It has been fourteen months since the Luutkudziiwus chiefs declared their land closed to all LNG traffic and other unauthorized industrial activity. Hereditary Chief Nola says Madii Lii camp was built to “stop the injustice that is being perpetrated on our people.” In the face of aggressive actions spearheaded by the government of British Columbia, the house of Luuktkudziiwus needed to demonstrate their ownership of Madii Lii.
The Prince Rupert Gas Transmission Project’s website proudly displays press releases about their agreements with the Lake Babine, Kitselas and Gitanyou First Nations. They also display the results of a 2014 poll that reports most of the people along the proposed pipeline route support them. The BC government has already issued construction permit and environmental assessment permit. Yet, according to their lawyer, the Luutkudziiwus were not consulted about the 34 km stretch of pipeline that would cross their traditional territory to carry 2 billion to 3.6 billion cubic feet of gas, per day, from Hudson’s Hope to the proposed LNG facility on Lelu Island.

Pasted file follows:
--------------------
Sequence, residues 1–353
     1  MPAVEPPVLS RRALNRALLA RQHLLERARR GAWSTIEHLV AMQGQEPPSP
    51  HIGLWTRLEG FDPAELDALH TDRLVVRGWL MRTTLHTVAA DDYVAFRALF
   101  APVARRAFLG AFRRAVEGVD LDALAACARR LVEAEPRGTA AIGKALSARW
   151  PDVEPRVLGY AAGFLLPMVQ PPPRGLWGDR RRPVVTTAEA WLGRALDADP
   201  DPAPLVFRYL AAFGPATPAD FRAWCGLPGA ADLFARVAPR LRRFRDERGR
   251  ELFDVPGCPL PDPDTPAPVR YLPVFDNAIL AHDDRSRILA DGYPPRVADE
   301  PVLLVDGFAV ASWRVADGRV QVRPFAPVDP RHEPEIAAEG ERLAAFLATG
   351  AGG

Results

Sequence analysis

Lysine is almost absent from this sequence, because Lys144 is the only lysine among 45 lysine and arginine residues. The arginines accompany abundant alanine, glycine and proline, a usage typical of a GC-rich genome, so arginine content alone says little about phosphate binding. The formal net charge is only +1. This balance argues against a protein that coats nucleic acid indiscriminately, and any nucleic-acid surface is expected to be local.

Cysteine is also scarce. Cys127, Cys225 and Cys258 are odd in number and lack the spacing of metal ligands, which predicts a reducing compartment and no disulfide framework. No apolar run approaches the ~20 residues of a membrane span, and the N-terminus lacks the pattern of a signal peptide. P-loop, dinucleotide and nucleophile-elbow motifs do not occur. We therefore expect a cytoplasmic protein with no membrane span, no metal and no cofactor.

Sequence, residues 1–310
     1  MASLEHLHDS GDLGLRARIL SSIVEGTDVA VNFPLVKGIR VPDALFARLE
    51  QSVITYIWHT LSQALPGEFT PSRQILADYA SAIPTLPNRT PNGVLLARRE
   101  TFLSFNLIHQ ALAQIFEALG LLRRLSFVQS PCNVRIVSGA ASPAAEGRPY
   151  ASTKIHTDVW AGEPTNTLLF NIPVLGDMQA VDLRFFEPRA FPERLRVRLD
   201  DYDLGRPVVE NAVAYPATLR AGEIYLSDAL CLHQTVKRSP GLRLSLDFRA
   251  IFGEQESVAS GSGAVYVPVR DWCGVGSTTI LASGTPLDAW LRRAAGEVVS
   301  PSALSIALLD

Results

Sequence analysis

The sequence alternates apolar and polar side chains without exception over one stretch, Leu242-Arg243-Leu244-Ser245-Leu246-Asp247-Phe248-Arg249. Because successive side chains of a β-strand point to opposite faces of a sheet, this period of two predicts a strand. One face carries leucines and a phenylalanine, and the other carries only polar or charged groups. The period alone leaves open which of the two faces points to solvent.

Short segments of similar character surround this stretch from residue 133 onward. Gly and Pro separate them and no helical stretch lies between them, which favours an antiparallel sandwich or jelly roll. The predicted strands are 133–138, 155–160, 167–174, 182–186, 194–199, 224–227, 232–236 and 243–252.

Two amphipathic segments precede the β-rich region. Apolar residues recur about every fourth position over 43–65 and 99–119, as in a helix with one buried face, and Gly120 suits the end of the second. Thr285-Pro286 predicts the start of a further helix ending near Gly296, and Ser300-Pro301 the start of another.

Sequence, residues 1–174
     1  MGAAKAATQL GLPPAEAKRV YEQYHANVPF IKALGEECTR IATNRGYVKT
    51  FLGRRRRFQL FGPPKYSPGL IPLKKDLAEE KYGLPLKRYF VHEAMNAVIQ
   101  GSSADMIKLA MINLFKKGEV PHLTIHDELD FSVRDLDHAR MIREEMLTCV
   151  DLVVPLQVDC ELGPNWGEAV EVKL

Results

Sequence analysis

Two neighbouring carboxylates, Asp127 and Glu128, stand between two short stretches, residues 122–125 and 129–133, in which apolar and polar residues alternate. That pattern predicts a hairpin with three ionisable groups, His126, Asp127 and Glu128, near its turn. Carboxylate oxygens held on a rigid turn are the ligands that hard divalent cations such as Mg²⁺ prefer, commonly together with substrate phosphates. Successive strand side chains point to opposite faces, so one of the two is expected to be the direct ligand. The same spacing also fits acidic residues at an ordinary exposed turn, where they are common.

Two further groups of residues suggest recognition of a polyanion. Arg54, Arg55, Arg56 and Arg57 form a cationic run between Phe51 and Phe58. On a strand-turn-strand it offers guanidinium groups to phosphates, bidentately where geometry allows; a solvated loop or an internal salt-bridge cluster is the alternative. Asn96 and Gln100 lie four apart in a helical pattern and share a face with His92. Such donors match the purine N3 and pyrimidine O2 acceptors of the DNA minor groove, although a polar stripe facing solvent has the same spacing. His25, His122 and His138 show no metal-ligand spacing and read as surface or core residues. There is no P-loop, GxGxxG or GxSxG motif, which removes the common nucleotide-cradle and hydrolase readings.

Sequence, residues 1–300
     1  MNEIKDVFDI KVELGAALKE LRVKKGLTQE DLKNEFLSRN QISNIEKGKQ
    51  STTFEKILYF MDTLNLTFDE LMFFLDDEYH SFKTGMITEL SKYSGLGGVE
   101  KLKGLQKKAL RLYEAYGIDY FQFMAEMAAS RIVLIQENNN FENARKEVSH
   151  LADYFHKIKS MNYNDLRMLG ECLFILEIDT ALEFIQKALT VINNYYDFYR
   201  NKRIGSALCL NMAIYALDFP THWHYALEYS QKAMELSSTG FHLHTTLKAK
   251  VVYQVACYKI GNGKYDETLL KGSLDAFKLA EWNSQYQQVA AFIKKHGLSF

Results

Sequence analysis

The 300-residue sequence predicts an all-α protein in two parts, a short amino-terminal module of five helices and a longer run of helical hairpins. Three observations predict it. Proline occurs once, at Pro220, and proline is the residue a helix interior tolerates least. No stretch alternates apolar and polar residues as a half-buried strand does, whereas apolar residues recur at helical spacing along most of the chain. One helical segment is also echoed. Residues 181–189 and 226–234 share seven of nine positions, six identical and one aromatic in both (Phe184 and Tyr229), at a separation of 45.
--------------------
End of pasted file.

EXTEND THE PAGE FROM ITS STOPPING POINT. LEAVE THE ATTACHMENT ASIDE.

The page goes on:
Western Maryland sits on top one of the most controversial shale deposits in North America. There were 245 cases of water contamination in the neighbouring state of Pennsylvania and reports from West Virginia as well. Maryland’s Departments of Environment and Natural Resources have been studying fracking operations in these two states for over three years and just released a draft report (p 2 of attached) on how fracking “can be accomplished without unacceptable risks of adverse impacts to public health, safety, the environment, and natural resources.” These proposed rules are the strongest in the US and, using them as a criteria, I decided to grade the LNG development in my province. British Columbia gets a conditional “F” in Fracking.